Clearly, he understood phone calls are best. People who meticulously avoid email should not be trusted, because it is simply too calculating, as if they know they are regularly committing crimes. A phone conversation can always be disavowed, you just say you were talking about last weekend's bar mitzvah.
Obviously, first of all, this conversation never took place.
Madoff's strategy was to keep the underling in the dark, a classic spy novel tactic, because then neither creates a liability for the other:
"The less you know about how we execute," he tells the chief risk officer of one of his feeder funds, "the better you are."
Confidence and reputation can answer most anything:
"You [...] say, listen, Madoff has been in business for 45 years, you know, he executes, you know, a huge percentage of the industry's orders [...] We make the assumption that he's -- he's doing everything properly... You don't want them to think you're concerned about anything. You're best off, you just be casual."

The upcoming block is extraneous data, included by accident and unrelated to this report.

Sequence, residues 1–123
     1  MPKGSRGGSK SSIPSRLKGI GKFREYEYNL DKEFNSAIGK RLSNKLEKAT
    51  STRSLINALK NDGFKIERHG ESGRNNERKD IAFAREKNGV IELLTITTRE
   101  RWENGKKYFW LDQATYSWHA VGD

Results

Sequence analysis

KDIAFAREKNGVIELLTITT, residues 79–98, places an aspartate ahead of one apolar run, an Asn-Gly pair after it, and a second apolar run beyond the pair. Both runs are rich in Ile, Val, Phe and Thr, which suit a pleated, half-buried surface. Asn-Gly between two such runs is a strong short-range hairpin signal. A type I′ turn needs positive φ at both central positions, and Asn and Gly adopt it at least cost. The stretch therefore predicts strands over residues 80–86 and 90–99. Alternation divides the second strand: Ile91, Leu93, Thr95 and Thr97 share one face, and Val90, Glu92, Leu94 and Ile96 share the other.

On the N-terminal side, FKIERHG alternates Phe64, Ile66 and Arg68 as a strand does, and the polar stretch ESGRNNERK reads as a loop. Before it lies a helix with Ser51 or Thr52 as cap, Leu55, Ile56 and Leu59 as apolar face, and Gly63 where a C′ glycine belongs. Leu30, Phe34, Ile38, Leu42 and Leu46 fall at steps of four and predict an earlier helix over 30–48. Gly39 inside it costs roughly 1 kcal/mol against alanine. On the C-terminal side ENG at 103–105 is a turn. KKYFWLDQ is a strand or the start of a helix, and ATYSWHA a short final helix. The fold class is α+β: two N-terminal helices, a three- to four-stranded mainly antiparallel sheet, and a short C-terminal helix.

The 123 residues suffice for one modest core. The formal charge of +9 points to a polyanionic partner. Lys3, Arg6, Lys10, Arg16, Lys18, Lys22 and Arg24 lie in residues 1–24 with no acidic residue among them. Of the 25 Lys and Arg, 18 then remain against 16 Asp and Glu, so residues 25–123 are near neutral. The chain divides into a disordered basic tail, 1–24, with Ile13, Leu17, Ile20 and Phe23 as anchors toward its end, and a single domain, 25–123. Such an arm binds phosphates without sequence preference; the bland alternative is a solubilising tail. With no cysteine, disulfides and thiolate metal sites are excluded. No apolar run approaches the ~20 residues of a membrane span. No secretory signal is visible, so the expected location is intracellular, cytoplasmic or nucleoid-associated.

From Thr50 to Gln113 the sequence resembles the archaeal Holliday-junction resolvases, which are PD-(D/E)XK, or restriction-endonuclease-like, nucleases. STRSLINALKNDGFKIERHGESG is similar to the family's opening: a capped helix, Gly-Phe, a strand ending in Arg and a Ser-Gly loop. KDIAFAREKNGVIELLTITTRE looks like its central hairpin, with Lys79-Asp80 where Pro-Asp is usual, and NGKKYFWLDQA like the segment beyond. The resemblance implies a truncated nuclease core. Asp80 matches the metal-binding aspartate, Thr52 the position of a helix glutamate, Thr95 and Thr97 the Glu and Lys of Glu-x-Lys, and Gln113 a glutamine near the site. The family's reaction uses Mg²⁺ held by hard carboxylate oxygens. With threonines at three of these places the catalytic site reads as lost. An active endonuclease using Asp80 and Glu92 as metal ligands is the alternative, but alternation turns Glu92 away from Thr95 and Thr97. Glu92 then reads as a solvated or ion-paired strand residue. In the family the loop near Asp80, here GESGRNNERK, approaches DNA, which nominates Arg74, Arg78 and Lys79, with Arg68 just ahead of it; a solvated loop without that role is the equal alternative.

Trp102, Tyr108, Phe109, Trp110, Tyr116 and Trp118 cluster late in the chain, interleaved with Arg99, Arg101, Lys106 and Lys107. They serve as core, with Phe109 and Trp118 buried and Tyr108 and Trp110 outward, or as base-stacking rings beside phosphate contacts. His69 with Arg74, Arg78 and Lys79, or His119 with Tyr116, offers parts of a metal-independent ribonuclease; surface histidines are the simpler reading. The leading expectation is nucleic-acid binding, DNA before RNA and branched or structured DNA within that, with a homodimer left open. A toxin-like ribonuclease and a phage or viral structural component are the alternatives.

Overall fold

Madoff dismissed an SEC investigation as a fishing expedition, which it probably was--see if they get any bites, if not, move on. He reminded the risk manager that SEC personnel were young guys looking to get jobs at hedge funds as compliance officers, making them eager to accept anything they said.
When asked by the Congressmen whether there was any record of the TARP deals negotiations, Hank Paulson explained he never uses email, neither privately nor professionally. He only makes phone-calls. Does this remind you of Bernie Madoff somehow?
1. Great blog. The transcripts are interesting, but the voice would be better. Few people seem to understand how con criminals control the conversation.
2. Can you change the colors on this blog? Black background with lime green highlights? Please stop, so that we can read and digest the posts, which are of high quality.
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